These include the Collectif contre l’islamophobie en France ‘(CCIF). According to Darmanin, this association contributed to the spread of ‘a fatwa’ about the murdered teacher in the run-up to the attack. The government will also address social media for ‘their complicity in the spread of hate preachers’.
Although there is still a lot of uncertainty about the exact facts of the terror attack in the quiet Parisian suburb of Conflans-Sainte-Honorine, more is known about what happened on social media in the weeks before the beheading. Shortly after the attack, a video of the father of one of Samuel Paty’s students, the headless teacher, surfaced.
In that video, recorded a week earlier, the father, Brahim C., called Paty “ a villain ” because he showed a cartoon of the Prophet Mohammed to his class (and his Muslim students had recommended “You have his name and address to say STOP,” C. said to the other parents. According to Darmanin, this was ‘a fatwa’ pronounced on the Paty.
It is now known that Brahim C., who is one of the eleven people currently detained for interrogation, has distributed a total of three films in which he calls on people to take action against Paty. He made one of those films together with Abdelhakim Sefrioui, a controversial self-appointed imam known to the French authorities as being radicalized. Sefrioui has also been arrested and is being interrogated.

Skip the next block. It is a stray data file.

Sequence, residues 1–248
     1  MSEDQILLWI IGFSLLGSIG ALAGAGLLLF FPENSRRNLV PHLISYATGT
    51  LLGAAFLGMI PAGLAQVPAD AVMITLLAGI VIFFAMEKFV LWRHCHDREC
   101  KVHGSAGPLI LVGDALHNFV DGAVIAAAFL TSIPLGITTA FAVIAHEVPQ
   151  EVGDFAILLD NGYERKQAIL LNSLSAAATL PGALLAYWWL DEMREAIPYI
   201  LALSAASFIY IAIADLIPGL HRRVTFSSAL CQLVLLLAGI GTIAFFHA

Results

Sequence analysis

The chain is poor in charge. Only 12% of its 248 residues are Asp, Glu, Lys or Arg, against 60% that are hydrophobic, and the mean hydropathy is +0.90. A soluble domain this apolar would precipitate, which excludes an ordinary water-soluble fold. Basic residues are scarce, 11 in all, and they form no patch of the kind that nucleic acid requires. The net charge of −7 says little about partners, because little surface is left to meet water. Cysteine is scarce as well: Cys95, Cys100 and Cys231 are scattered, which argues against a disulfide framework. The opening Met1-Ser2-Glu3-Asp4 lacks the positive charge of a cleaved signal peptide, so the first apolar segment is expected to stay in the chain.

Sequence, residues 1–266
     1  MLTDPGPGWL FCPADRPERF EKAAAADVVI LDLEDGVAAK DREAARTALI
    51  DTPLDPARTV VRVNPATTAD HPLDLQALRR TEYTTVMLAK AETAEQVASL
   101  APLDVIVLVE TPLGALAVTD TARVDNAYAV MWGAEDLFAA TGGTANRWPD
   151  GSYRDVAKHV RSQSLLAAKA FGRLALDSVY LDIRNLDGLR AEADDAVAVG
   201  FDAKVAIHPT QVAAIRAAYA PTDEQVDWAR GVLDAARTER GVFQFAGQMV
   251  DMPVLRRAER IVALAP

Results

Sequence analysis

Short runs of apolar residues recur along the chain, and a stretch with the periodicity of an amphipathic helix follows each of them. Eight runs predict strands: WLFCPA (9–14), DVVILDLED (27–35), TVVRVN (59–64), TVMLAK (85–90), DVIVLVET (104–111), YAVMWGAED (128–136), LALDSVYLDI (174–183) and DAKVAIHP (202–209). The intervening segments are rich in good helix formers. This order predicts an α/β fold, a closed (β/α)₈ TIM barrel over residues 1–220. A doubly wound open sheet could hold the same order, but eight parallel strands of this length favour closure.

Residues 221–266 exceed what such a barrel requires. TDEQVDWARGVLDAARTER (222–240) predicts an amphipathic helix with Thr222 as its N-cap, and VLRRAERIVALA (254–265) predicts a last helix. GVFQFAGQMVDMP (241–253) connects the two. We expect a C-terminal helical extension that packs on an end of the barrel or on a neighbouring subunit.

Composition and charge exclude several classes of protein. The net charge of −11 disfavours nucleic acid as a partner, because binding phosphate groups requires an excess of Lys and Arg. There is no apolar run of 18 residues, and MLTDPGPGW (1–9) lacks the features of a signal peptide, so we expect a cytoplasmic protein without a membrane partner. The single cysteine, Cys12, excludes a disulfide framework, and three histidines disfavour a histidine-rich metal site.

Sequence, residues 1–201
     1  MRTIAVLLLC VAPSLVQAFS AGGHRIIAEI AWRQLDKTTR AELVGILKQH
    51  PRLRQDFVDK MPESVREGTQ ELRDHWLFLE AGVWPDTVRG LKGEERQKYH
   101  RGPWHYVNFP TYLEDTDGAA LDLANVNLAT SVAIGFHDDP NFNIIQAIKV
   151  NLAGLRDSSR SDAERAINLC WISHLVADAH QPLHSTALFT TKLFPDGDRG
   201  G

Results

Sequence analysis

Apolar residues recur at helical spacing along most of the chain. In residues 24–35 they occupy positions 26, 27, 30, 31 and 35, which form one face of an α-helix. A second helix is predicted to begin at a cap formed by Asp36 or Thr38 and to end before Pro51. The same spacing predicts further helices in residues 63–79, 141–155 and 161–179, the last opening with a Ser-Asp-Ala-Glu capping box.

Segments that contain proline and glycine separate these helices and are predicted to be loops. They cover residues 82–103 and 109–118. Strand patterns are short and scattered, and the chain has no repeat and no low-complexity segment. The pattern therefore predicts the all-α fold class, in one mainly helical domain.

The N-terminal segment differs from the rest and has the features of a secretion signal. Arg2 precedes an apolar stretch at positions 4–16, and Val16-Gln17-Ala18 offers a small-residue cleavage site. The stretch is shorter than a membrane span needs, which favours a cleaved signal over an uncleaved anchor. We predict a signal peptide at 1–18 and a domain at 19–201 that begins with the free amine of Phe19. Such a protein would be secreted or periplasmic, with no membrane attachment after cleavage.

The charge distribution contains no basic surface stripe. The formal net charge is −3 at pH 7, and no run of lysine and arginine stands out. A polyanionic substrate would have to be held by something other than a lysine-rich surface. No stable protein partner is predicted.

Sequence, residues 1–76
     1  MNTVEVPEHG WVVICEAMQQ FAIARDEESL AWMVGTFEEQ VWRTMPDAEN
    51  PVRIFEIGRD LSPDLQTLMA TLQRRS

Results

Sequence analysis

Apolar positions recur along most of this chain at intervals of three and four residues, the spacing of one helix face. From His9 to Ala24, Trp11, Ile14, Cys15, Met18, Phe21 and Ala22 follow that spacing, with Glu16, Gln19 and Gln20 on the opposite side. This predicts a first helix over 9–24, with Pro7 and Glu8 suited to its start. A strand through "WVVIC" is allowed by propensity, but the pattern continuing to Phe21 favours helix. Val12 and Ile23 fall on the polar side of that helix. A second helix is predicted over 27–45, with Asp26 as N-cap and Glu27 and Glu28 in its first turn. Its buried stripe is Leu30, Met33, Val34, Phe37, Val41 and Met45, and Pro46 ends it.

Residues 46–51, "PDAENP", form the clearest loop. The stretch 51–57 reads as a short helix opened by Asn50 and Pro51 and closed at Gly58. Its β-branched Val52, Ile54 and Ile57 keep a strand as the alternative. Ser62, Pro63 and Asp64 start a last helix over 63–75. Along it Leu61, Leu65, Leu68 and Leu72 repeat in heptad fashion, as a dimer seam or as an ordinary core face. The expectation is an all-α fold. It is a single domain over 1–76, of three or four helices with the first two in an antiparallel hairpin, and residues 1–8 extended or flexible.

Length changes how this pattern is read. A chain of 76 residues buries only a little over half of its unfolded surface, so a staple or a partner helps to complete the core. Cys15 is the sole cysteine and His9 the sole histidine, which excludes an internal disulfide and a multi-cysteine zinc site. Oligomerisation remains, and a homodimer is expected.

Brahim C. addressed the CCIF in several Facebook posts. Let’s all say: DO NOT TOUCH OUR CHILDREN. Contact the CCIF. ‘ For the time being it is unclear whether the CCIF actually distributed those videos on its own site. The minister will nevertheless have an investigation into whether the CCIF and a number of other comparable associations can be dissolved.
Darmanin also said that the French justice has started an investigation into “dozens of individuals.” These are people suspected of spreading extremist Islamist ideas online.
President Macron’s government appears to be moving forward with its words remarkably quickly. “The fear is going to change sides,” the president had said earlier in response to the attack. “Islamists should not be able to sleep peacefully in our country.”
The French government will meet with representatives of social media on Tuesday. According to the government, these are “widely used to spread calls for violence.” The social media, according to the government, is “complicit in a public lynching party” – this means the distribution of the videos of Brahim C. The Secretary of State for Citizenship, Marlène Schiappa, spoke of “cyber-Islamism”.
The perpetrator of the beheading, an 18-year-old Chechen from Evreux, a town 80 kilometers from Conflans-Sainte-Honorine, is said to have acted after seeing those videos on Snapchat.
After the attack, about 80 statements of support for the perpetrator appeared on social media. The French judicial authorities are investigating the source of these messages and intend to prosecute the senders.
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